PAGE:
Circuit #1

A1: Donkey Kong Slam Battle Ropes A2: Kneeling to standing Battle Ropes

A3: Sitting Battle Ropes                       A4: Plank Battle Ropes

Circuit #2

B1: Single Leg Hip Thrust Off Bench – Right       B2: Single Leg Hip Thrust Off Bench –  Left

B3: Standing Pallof Press – Right                          B4: Standing Pallof Press – Left

Circuit #3

C1: TRX Rows           C2: TRX Pushups

C3: KB Squats           C4: KB Cleans

Circuit #4

D1: Prowler Push    D2: Sledge Hammer to Tire

D3: Sprints               D4: Airdyne Bike

Check out footage from a METCON day


Strength Day

These are designed much like density days, except we tend to keep the reps lower and allow clients to lift a bit heavier.

It’s not uncommon to see women deadlift twice their body weight on a Friday morning session.

It is very important to note not everyone will trap bar deadlift.

We have a solid structure in place that allows us to individualize all workouts. There are examples of clients in their late 60’s that require modifications of all sorts and clients who are in top shape that require more advance workouts. What’s great about strength days is that it allows us a better opportunity to customize the flow of the day for anyone who needs it, which gives a sense of “velvet rope customer service.”

People feel they’re being taken care of (which they are).

Here is an example of strength day.

Station # 1 : 15 Minutes

A1: Deadlift Variation x5
A2: Hollow Body 5 Reps
A3: Pull-up Variation 5 Reps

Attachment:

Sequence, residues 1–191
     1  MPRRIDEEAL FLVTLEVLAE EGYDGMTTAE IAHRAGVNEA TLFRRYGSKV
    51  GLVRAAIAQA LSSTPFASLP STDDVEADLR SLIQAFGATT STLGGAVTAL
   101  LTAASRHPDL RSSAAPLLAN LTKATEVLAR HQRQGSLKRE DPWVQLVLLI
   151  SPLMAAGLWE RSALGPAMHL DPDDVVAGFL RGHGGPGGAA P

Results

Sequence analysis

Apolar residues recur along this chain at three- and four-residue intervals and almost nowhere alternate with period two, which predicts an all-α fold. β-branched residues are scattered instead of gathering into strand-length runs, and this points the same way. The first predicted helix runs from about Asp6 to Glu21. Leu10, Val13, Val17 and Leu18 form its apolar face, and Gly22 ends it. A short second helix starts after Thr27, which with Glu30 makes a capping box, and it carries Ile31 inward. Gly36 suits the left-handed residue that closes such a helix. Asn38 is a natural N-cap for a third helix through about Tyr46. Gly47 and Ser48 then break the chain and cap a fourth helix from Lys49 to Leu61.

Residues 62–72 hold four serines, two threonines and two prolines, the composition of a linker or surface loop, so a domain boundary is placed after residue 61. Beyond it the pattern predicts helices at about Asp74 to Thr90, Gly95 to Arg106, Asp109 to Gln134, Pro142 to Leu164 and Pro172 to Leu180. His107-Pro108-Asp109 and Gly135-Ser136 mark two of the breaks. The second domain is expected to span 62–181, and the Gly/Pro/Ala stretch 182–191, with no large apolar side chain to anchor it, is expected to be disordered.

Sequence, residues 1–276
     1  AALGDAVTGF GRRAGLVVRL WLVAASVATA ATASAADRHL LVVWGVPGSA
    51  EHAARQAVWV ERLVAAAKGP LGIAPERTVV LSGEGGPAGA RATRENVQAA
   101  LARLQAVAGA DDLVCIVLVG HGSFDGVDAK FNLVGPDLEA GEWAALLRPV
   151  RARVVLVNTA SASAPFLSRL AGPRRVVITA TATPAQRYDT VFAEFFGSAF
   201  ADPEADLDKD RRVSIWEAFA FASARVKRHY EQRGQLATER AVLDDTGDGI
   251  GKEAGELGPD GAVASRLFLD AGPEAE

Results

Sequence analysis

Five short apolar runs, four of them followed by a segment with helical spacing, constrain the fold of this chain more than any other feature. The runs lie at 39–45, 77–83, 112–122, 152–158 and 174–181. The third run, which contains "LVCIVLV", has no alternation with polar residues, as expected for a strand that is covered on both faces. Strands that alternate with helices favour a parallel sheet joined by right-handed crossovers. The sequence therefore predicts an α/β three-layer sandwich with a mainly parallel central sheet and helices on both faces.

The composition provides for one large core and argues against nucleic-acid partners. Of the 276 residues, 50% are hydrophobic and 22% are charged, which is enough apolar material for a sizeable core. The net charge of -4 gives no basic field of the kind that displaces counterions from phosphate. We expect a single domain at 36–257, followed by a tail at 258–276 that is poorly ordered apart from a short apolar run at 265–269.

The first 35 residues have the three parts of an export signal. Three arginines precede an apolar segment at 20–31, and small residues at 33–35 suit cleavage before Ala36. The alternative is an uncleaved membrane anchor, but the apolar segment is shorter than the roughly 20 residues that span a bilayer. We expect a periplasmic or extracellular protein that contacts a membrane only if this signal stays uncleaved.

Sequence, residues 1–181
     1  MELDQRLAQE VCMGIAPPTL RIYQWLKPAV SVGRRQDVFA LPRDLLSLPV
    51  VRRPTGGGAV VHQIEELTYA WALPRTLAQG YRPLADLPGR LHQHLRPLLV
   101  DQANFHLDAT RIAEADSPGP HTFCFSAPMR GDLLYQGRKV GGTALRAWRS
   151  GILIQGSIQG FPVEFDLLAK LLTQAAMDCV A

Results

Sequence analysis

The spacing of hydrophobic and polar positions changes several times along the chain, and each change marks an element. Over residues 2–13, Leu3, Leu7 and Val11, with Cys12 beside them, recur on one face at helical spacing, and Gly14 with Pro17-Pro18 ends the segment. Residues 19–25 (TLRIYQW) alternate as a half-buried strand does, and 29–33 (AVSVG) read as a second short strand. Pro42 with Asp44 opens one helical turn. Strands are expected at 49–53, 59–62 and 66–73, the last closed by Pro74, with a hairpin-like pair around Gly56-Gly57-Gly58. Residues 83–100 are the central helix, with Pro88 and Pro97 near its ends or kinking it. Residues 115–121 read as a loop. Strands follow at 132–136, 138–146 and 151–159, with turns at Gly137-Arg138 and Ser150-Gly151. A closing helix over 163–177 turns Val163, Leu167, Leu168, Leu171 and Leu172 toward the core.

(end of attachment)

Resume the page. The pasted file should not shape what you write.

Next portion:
A4: Reverse Sled Drag x 5


Station # 2 : 15 Minutes

B1: Dumbbell RDL x 8
B2: Dumbbell Bent Over Row x 8
B3: Dumbbell Single Leg Deadlift x 8/leg
B4: Pushups x 8
B5: KB Swings x 8

Finisher: Break Into TWO Groups

Group #1

Complete every rep/movement on the minute for FIVE minutes

A1. KB Squats
A2. Med Ball Floor Stomps x 5

Group #2

½ the group does prowler sprints for 30 seconds, the other half holds a front plank for 30 seconds Total of 10 rounds for 5 minutes

This is not a see-all be- all approach to group training, but it does produce results and clients keep coming back for more.

I hope this can help you think outside the box when it comes to group training.

Note From TG: a few resources that may help on the topic and that I’d encourage you to check out are Bootcamp in a Box and Group Training Playbook

About the Author

George began his time at Cressey Sports Performance as an intern in the fall of 2013, and returned in 2014 as CSP’s Group Fitness Coordinator, overseeing all Strength Camp coaching and programming responsibilities.

George is a veteran of the United States Marine Corps and was awarded an honorary discharge after eight years of service. He possesses an MBA from Southern New Hampshire University and is currently attending massage school to become a licensed massage therapist.

Outside of CSP, George maintains a fitness-related blog that can be found at

He and his wife Shawna reside in Manchester, NH, with their fur-baby Lola the dog.

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Plus, get a copy of Tony’s Pick Things Up, a quick-tip guide to everything deadlift-related. See his butt? Yeah. It’s good. You should probably listen to him if you have any hope of getting a butt that good.